I should be writing this letter to a lady. Then I could congratulate you for adding to the chorus of female empowerment spoken and sung through this intelligently absorbing film. Instead, I'm singling you out as the man who's job it is to silence their voices. How dare you! I wanted more! I loved everything this film had to say, and more importantly, how they said it.
I suppose most of the credit belongs to Lebanese director/producer/co-writer/star Nadine Labaki. Her film, set in an unspecified Middle Eastern village, follows an isolated community of Muslims and Christians who are cut off from the religious conflicts that surround them. But as sectarian mischief and violence draws near, the women of both faiths band together and find increasingly creative ways to make their men see no evil, hear no evil, speak no evil. The result is the most serious comedy I've ever seen.
Having an important message actually helps the humour at every turn. When the entire village is together watching their only TV, the way you edit in the women's desperate outbursts to drown out the news is expertly done. We're trying to hear both sides - the women's overblown accusations of men picking their nose, as well as the newscaster explaining a recent conflict. What we can make out provides just the right balance of tension and comedic release.
The opening scene also hits that equilibrium perfectly. The women, dressed in black, seem to be performing a silent flash mob dance on their way to a funeral. Their faces are cold and serious, but their movements are warm, tightly choreographed and too complicated to be strictly traditional. This juxtaposition perfectly sets our expectations for the type of hybrid film we're about to see. No wonder Canucks made it the surprise Audience Award winner at the 2011 Toronto International Film Festival. In relation to Canadian cinema, it's like La grande seduction _meets _Incendies. With a touch Bollywood.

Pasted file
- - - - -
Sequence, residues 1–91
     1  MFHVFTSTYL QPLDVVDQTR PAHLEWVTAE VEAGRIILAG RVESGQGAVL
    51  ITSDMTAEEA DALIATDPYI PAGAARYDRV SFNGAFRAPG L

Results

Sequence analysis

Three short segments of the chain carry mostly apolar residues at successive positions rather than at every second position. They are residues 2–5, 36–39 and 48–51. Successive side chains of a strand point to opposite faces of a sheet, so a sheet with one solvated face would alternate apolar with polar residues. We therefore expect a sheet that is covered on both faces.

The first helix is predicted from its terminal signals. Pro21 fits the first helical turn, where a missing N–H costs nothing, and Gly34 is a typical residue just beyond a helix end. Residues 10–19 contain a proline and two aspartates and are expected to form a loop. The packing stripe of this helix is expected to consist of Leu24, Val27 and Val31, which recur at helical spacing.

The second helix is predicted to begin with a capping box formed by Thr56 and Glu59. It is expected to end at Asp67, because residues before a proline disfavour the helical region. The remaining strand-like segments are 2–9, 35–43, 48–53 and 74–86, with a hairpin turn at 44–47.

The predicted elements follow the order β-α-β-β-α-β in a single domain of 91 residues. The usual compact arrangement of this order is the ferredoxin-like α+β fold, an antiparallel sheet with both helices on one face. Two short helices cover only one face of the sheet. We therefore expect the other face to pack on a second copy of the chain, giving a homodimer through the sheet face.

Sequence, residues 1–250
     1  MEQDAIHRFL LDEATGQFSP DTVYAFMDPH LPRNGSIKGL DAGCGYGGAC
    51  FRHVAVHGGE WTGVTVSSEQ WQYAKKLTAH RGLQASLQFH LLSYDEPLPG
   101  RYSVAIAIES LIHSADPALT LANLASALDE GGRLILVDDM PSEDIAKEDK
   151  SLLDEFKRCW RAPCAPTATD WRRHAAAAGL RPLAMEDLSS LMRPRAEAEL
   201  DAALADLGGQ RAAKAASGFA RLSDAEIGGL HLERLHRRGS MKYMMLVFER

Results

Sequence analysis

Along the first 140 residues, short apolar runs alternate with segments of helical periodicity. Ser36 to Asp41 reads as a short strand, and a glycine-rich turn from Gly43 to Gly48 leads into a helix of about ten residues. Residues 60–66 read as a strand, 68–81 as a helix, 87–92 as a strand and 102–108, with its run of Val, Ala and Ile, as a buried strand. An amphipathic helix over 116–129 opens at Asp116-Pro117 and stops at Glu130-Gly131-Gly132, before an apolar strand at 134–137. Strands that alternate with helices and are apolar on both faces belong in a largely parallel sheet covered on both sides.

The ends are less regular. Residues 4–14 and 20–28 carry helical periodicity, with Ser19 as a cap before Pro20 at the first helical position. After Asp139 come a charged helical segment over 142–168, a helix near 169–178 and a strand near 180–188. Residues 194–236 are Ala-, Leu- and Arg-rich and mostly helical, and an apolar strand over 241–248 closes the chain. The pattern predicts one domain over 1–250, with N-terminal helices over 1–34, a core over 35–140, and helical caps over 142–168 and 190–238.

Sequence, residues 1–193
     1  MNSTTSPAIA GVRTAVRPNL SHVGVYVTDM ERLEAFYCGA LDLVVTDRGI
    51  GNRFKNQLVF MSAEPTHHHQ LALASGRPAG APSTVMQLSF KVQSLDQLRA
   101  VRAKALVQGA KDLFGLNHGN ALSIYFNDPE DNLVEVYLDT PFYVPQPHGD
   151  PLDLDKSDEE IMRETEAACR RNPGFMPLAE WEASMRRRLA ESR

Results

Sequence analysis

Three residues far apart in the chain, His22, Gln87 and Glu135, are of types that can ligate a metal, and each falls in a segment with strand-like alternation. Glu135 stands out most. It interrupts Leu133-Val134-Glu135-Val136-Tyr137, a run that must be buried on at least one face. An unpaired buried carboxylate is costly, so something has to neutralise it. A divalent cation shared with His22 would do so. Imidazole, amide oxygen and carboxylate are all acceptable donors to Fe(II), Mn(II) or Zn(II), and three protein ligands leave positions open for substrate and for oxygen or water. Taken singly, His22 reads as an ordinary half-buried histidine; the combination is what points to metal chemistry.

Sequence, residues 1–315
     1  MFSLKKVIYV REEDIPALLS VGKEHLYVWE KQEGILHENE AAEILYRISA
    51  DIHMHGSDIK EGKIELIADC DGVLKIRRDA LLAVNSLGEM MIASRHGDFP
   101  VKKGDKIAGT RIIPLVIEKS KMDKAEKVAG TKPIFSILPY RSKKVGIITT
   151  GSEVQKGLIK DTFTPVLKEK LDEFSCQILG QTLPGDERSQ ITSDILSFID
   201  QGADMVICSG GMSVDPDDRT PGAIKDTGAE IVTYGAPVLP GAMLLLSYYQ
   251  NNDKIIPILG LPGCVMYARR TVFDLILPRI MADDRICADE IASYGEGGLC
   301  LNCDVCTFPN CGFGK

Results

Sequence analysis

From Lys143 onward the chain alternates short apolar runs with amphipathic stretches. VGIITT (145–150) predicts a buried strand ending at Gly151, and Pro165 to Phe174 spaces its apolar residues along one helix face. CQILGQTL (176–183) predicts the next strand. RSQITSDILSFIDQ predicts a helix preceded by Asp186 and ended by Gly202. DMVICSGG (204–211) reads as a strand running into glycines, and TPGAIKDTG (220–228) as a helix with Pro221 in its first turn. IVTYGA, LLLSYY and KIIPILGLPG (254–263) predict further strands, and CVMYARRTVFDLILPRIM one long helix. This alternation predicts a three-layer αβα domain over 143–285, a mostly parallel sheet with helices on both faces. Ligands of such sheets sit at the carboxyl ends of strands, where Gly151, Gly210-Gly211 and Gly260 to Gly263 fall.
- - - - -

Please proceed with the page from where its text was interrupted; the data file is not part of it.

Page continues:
Your job certainly got easier when the women bring a bus full of blonde Russian female dancers to the village as temporary distractions: the men are left speechless watching the bathing beauties. But a misinterpretation also reveals an unexpected rift in the story's central romance. The way Labaki's character translates and exchange from Arabic to English reveals exactly how much misogyny and violence the women are willing to hide to protect their men. Seeing this example of diagetic dialogue editing helps us appreciate how nuanced your job can be behind the scenes.
Let me end by saying the film works wonders. The stakes are sky high and the final resolution is bold, unexpected, and poignant. You clearly understood what to emphasize, and eventually let actions speak louder than words. I guess you knew what you were doing after all. So you get the last laugh - literally, since the title comes from a climactic moment of clearly articulated dialogue.
Thanks for listening,